As the population in McKinney grows, the need for behavioral health services is outpacing growth in services, said Dana Bickford, president of the Coalition for Behavioral Healthcare in Collin County.

Collin Springs opened its north McKinney facility in March, while Lifepath Systems, the behavioral health authority in Collin County, will debut a new facility in McKinney in 2025. However, Bickford said the need for resources that address behavioral health—such as depression, psychosis or substance abuse—is still greater, especially for adolescents.

“The resources are growing, but the trends are outrunning them,” he said.

The big picture

With one new facility now open and another under construction, McKinney residents will have additional options when seeking out behavioral health care.

Collin Springs’ new facility offers treatment for adolescents and adults ranging from age 5-105, and offers programs including inpatient, partial hospitalization, intensive outpatient and other outpatient programs, according to its website. The facility provides treatment for:
  • Behavioral health conditions including depression, anxiety and psychosis
  • Chemical dependencies and substance abuse
Lifepath Systems offers both inpatient and outpatient services through three divisions: behavioral health, early childhood intervention, and intellectual and developmental disabilities, its website states.

Lifepath Systems’ new facility will allow the organization to expand its inpatient and outpatient services as well as plan for future growth, CEO Tammy Mahan said. The organization’s current McKinney facilities include its headquarters and its crisis center—a residential facility with 22 beds.

The land for the new facility was acquired through a low-cost land lease in partnership with Collin County. Mahan said the site was advantageous due to the proximity to county administration offices and county jail, which allows the organization to provide services to those who are leaving the jail. The location also allows for people who have been arrested and have behavioral health needs to be diverted from the jail.

“It’s very frequent for individuals with mental illness to end up getting criminal trespassing charges,” she said. “It’s really not criminal behavior, it’s the mental health that’s causing that so it doesn’t make sense to arrest them [and] put them in jail when they really just need treatment.”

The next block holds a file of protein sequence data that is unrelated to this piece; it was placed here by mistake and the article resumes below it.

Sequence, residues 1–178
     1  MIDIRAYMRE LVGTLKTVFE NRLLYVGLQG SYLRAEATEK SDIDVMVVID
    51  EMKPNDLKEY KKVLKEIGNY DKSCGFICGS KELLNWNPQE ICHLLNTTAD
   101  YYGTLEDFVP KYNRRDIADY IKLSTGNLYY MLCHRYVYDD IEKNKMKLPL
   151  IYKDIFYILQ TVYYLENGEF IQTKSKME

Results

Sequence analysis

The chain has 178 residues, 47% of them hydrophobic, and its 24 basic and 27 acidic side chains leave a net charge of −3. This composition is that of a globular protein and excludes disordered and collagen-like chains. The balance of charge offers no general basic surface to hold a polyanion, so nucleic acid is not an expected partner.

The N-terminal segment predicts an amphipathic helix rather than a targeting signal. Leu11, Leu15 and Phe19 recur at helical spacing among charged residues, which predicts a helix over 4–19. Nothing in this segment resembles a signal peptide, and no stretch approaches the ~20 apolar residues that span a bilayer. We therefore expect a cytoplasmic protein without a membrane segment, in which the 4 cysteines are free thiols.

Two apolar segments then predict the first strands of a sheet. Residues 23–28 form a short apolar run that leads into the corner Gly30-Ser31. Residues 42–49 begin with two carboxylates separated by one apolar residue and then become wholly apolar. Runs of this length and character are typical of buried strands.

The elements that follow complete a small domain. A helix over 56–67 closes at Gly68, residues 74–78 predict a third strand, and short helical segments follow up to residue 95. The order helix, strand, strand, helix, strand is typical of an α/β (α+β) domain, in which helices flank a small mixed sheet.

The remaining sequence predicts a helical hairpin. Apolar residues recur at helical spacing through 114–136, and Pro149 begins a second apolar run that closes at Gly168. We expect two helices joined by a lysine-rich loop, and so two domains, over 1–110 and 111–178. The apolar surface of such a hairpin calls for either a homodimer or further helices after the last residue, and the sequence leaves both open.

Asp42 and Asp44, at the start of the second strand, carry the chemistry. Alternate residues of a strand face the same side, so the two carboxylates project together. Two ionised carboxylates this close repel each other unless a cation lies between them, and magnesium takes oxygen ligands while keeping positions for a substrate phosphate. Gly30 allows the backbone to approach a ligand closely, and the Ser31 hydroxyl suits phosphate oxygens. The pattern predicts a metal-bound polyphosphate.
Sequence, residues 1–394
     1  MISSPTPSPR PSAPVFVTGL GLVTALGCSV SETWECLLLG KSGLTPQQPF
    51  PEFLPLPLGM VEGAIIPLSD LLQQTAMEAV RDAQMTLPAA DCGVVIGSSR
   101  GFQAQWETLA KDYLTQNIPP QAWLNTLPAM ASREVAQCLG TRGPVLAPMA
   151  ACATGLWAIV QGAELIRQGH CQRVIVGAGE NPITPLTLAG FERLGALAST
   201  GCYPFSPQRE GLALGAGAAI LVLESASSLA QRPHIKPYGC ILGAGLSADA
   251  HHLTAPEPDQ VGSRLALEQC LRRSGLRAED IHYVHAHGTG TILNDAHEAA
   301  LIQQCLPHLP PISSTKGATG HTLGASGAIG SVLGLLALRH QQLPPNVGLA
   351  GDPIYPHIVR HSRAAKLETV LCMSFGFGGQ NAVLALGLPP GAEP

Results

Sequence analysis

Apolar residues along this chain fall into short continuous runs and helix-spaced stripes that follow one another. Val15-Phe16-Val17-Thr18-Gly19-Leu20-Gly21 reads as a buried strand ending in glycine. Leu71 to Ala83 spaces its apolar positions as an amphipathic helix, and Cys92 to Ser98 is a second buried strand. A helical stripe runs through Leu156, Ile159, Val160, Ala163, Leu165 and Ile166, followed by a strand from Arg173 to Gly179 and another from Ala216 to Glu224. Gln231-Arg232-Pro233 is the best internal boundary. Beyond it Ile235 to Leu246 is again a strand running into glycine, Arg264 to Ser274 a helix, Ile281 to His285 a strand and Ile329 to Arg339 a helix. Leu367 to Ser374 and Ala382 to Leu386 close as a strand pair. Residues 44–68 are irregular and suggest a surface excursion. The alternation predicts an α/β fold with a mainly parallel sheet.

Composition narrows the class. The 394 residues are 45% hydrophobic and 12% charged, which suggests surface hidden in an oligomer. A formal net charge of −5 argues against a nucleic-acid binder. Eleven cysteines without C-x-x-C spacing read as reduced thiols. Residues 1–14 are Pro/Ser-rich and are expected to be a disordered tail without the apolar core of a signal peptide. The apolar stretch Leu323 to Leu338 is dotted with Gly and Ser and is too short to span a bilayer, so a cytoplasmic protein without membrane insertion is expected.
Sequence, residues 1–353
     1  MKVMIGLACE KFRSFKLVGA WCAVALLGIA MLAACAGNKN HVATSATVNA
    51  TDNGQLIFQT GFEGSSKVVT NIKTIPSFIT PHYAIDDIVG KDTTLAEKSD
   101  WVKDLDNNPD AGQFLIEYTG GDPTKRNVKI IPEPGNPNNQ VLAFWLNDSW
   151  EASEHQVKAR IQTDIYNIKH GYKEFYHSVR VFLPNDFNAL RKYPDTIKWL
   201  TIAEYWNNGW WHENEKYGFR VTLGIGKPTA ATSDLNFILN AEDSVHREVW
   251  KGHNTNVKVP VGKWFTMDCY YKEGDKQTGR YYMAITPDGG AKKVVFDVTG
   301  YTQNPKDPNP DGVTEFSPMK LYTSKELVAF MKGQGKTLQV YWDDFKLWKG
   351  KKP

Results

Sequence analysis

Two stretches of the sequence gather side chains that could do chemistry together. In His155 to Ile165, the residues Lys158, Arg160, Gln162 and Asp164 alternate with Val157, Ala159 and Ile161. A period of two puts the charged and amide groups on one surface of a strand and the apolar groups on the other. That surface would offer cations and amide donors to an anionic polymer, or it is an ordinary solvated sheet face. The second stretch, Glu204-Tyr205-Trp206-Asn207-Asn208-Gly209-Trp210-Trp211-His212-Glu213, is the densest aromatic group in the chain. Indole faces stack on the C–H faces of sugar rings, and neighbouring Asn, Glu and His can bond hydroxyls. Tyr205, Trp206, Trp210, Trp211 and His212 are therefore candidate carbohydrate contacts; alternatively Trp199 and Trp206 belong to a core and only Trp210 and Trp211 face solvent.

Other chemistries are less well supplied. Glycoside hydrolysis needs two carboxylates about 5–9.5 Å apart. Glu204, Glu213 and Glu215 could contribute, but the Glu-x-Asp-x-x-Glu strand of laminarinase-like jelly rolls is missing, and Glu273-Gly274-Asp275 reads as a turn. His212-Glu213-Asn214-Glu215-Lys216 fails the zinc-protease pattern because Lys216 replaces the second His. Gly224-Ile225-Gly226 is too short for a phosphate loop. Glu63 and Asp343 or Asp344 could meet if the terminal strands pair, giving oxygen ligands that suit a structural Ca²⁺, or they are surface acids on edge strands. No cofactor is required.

What they’re saying

Despite growing access to resources locally, Bickford said one of the biggest challenges in behavioral health is fighting the stigma.

Mahan said stigma, such as a fear of being judged, can cause people to delay pursuing treatment for behavioral health conditions.

“It’s really hard for parents to say, ‘Hey, I think my child is mentally ill,’” she said. “There is a lot of judgment on parents, from neighbors, coworkers, everybody.”

The problem is further exacerbated when people are unsure of what resources are available to address behavioral health needs, Bickford said.

“[It’s] a perfect storm; lack of information, stigma that prevents people from being open about finding what they need,” he said. “Even if you have information, you may not be able to get in to see somebody for six months.”

Quote of note

"There’s a lot of pressure and stigma ... to not admit that there’s an issue so people wait until things are really, really bad [to seek help],” Mahan said.

Diving deeper

About 271,500 Collin County residents have mental health issues, with nearly 55,000 of those individuals having a serious mental illness, according to data from a 2022 profile of Collin County’s behavioral health from the Coalition for Behavioral Healthcare in Collin County.

Lifepath Systems has seen year-over-year growth in people served for behavioral health care needs. Mahan said the organization treats repeat patients but is more frequently treating new patients. People seeking treatment are also requiring higher levels of care due to the rising intensity of behavioral health conditions, she said.

“Collin County is growing so fast [and] ... because so many people are moving here, there’s this constant new population,” Mahan said.

Lifepath Systems’ model eliminates financial barriers, as the organization provides care at reduced costs and for those without insurance.

“We’re not looking for people ... that are able to pay,” Mahan said. “We’re here to make sure people are getting the care they need in the least restrictive setting.”

Mahan said the organization also works to address behavioral health needs quickly using resources such as telehealth psychiatrists. Seeing a psychiatrist or behavioral health provider that quickly is often not possible through other health care systems, Mahan said.

“If somebody comes in today, we try to get them on an appointment with a doctor today so that they don’t end up in a hospital tomorrow,” Mahan said.
Looking ahead

Both of the new facilities will have room for expansion in the future.

Mahan said she expects the new Lifepath Systems facility will serve the needs of the community for the next five to eight years. The completed facility will include about 12,000 square feet of undeveloped space for future programming.

The Collin Springs facility is also designed to be expandable to allow for up to additional 24-beds, Lifepoint Health Director of Construction Corbin Clinage said.

Finding services

1. Lifepath Systems: The Crisis Hotline is a 24/7 hotline staffed by trained behavioral health professionals.
  • 877-422-5939
2. Here for Texas: The organization offers a free online database of mental health providers and resources.3. Collin Cares: This initiative of Texas Health Resources and the Assistance Center of Collin County offers a searchable directory of service providers in Collin County.